Simple construction companies,
          Infrastructure projects like highway bills are massive pork barrel job making bills.

          • Then *why* is America's infrastructure falling apart ?

            Oh - that's right - because construction companies would much rather donate to the guy who promises to clear zoning rights for a new strip-mall because building a new private development is *much* more lucrative than maintaining or building infrastructure.

      • Are they though? There are a lot of SF writers that get the details wrong but get the overall state of society right. Go read "Player Piano" and tell me that Vonnegut did not nail the current economy. A small number of automation engineers making tons of money? check.

        A small number of an elite knowledge class making tons of money? This isn't new. In the past, it was the literate elite. Now, when everybody in the civilized world could read and write, it's the technical elite. Of course, above them, in any age, there's still the ruling class, which include not just the MPs and dictators of the world, but also the members of the sub-1%, the CEOs and plain filthy rich.

        Society scrambling to find "make work" jobs for the masses that include the army and pointless infra projects? Double check.

        How do you think Hitler got Germany back onto its feet after World War I? FDR had managed to stabilize thin

        • Society scrambling to find "make work" jobs for the masses that include the army and pointless infra projects? Double check.

          How do you think Hitler got Germany back onto its feet after World War I? FDR had managed to stabilize things a bit, but the US only got out of the Great Depression thanks to the birth of the military-industrial complex.

          That's a myth that keeps getting repeated. No. Wars do not bring a society out of depression. If you look at the actual standard of living, the second world war depressed it further by almost every measure, and most essential goods were actually rationed. What the war does, instead, is gi

          • Society scrambling to find "make work" jobs for the masses that include the army and pointless infra projects? Double check.

            How do you think Hitler got Germany back onto its feet after World War I? FDR had managed to stabilize things a bit, but the US only got out of the Great Depression thanks to the birth of the military-industrial complex.

            That's a myth that keeps getting repeated. No. Wars do not bring a society out of depression. If you look at the actual standard of living, the second world war depressed it further by almost every measure, and most essential goods were actually rationed. What the war does, instead, is give people a good reason for their privation. They're not scrimping and getting by with less because the economy is bad: they're scrimping and getting by with less to support the war effort-- in Germany , as well as in America (not to mention England and the Soviet Union)..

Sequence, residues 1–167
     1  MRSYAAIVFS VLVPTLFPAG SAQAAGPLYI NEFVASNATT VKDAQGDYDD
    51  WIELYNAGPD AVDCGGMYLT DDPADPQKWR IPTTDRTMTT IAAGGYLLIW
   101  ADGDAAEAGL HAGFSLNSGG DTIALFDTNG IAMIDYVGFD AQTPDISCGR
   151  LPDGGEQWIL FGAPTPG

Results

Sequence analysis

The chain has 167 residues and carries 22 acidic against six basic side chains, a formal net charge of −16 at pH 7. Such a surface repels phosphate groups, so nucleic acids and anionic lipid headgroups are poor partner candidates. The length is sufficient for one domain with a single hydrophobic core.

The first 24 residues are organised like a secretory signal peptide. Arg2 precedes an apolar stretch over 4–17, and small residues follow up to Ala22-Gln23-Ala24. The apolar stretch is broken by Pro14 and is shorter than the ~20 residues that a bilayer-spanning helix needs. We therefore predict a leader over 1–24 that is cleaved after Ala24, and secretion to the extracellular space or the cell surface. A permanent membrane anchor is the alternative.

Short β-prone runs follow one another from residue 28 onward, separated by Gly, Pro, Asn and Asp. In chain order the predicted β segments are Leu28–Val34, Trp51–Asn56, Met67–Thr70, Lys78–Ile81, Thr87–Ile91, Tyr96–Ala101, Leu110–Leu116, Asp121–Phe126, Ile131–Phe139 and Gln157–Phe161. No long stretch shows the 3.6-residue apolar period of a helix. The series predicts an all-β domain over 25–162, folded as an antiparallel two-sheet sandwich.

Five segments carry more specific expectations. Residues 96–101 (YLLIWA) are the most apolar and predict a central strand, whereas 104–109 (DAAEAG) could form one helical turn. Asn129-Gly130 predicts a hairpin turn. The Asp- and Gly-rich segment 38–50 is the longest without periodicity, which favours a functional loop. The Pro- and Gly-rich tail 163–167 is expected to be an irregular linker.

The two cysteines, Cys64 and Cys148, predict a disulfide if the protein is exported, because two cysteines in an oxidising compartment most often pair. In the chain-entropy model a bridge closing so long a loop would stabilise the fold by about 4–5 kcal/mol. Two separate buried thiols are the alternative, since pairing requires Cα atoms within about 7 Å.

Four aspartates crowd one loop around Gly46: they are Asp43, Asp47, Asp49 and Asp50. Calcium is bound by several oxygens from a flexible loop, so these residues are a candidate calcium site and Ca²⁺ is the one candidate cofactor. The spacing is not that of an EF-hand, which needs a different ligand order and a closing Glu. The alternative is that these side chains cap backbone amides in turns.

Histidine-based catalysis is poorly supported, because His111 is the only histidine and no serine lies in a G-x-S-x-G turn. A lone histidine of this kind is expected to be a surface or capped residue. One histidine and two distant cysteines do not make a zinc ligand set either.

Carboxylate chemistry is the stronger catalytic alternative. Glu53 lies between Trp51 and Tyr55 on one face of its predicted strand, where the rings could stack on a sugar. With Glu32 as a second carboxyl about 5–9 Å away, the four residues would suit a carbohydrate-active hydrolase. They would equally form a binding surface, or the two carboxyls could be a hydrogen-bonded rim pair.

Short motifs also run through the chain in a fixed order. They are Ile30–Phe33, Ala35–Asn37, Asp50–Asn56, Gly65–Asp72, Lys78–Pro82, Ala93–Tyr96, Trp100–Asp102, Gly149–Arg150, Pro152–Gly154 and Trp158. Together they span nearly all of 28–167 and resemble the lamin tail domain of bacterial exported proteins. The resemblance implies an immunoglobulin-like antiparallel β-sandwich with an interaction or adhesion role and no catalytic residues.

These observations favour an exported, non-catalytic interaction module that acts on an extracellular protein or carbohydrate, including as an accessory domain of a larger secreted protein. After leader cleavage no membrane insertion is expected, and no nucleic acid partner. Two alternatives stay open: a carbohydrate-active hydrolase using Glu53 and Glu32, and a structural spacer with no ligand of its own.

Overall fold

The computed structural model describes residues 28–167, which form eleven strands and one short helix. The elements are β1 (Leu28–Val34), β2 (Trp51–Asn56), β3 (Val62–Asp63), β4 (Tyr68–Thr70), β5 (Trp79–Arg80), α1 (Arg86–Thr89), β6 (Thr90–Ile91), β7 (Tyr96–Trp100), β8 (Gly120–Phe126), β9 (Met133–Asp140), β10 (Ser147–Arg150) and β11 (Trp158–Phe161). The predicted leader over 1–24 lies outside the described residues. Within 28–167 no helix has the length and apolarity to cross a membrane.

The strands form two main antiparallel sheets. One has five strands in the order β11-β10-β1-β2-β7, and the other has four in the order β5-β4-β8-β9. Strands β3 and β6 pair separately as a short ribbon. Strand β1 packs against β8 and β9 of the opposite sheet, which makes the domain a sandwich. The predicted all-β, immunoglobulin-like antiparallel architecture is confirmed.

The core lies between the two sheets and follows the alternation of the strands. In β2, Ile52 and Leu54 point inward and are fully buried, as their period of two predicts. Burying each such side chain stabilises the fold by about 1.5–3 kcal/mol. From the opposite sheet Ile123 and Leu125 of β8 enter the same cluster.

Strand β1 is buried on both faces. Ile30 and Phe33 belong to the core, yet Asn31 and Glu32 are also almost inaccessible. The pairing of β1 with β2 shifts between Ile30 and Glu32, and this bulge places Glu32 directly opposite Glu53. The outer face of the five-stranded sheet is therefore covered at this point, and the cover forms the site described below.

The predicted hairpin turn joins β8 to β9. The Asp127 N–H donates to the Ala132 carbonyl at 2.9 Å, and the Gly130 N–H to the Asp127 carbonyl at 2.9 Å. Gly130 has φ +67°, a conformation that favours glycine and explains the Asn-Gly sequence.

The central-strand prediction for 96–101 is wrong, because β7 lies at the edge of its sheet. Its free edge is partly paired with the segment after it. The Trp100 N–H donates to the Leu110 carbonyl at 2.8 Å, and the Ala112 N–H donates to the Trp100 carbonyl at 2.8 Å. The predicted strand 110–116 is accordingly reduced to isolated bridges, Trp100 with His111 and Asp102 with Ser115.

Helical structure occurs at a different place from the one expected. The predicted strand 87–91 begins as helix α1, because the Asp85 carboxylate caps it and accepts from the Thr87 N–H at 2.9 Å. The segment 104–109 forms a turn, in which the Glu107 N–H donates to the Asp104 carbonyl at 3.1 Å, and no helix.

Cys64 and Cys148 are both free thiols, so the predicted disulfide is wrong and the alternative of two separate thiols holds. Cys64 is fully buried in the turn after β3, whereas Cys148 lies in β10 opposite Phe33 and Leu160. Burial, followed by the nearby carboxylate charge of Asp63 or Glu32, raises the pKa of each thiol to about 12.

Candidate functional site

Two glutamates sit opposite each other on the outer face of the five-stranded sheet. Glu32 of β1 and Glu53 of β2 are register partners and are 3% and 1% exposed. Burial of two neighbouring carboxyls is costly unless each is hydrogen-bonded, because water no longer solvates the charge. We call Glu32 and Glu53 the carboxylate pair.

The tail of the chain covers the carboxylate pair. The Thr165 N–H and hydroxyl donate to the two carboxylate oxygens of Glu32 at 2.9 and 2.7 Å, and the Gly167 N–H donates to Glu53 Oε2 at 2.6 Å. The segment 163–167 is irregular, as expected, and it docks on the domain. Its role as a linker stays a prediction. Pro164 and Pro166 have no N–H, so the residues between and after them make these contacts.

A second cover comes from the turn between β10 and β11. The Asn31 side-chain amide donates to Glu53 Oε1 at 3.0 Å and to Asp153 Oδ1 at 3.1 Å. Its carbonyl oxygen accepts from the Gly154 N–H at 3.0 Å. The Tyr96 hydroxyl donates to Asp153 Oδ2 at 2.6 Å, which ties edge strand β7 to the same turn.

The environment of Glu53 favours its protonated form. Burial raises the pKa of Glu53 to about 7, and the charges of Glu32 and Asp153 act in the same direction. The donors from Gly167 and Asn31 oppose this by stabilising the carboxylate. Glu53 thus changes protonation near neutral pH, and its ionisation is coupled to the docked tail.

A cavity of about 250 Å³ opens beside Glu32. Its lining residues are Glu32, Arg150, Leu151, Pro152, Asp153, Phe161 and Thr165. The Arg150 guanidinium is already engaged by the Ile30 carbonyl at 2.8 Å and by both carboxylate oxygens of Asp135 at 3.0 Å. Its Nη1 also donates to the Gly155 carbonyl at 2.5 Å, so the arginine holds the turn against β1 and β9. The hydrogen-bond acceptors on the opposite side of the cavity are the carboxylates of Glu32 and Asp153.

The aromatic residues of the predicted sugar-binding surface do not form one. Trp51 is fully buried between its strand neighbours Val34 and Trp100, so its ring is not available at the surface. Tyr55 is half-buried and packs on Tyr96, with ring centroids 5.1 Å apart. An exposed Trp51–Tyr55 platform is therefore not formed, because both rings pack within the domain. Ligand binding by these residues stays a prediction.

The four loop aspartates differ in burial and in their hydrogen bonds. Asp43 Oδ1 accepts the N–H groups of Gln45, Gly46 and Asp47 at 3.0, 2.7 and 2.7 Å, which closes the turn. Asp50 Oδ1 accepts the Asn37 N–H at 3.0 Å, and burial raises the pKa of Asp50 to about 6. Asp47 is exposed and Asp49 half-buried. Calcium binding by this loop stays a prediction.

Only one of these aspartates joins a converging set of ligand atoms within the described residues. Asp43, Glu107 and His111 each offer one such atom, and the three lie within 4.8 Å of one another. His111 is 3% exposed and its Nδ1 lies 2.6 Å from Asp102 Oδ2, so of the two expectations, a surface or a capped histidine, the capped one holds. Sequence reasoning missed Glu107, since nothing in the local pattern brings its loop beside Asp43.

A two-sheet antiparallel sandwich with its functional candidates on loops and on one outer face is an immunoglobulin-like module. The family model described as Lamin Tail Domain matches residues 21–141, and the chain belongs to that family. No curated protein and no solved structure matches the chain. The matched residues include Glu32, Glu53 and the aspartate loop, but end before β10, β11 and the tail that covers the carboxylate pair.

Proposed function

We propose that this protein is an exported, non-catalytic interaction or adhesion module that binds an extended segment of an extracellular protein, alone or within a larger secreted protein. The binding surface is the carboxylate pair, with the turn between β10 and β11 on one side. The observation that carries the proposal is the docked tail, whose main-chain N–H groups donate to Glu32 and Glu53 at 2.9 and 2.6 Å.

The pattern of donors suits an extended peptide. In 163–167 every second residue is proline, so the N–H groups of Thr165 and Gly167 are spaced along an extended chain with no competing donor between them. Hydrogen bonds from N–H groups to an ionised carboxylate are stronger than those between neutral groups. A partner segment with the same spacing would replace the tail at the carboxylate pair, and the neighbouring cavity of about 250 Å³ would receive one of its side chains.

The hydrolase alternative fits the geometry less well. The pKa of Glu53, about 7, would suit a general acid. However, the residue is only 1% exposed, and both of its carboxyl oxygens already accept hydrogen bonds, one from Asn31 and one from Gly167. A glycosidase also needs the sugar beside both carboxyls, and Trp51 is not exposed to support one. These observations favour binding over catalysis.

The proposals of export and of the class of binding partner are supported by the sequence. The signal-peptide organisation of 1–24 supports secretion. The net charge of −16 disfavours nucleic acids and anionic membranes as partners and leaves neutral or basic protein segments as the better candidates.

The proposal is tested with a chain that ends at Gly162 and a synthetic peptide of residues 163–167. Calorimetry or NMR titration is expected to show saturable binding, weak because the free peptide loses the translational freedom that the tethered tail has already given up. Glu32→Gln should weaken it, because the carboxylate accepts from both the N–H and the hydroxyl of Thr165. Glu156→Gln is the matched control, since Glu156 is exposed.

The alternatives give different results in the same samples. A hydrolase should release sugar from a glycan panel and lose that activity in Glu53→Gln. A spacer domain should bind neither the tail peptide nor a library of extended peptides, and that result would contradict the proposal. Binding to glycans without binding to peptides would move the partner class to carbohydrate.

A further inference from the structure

What pulled he economy out of the Great Depression was the end of the war.

            Wars might bring countries, especially the losers, to ruin, but the preparation for war, before the first bombs are dropped or the first tanks roll in from across the border, results in an increase in production. This is no different from any pump priming scheme. Of course, a drawn-out war can bankrupt even a resource-rich country far from the theater of conflict. But this wasn't the case for US during WW2. Also, jingoistic nationalism, while ultimately destructive, also helps give people a sense of purpose

          • Economic downturns can come from a variety of causes. If it's caused by people not wanting to spend money, so it's hard to make money, and then there's less money to spend anyway, spending on anything can stimulate the economy and have lasting effects. Lots of people in the US were very worried that, when WWII was over, the economy would return to what it had been. From an economic point of view, war materiel is almost pure consumption, and there was a lot of consumption. The USN built four Iowa-class

      • by sjbe ( 173966 )

        Go read "Player Piano" and tell me that Vonnegut did not nail the current economy.

        I have and he did not nail the current economy unless you are reading things so broadly as to be meaningless.

        A small number of automation engineers making tons of money? check.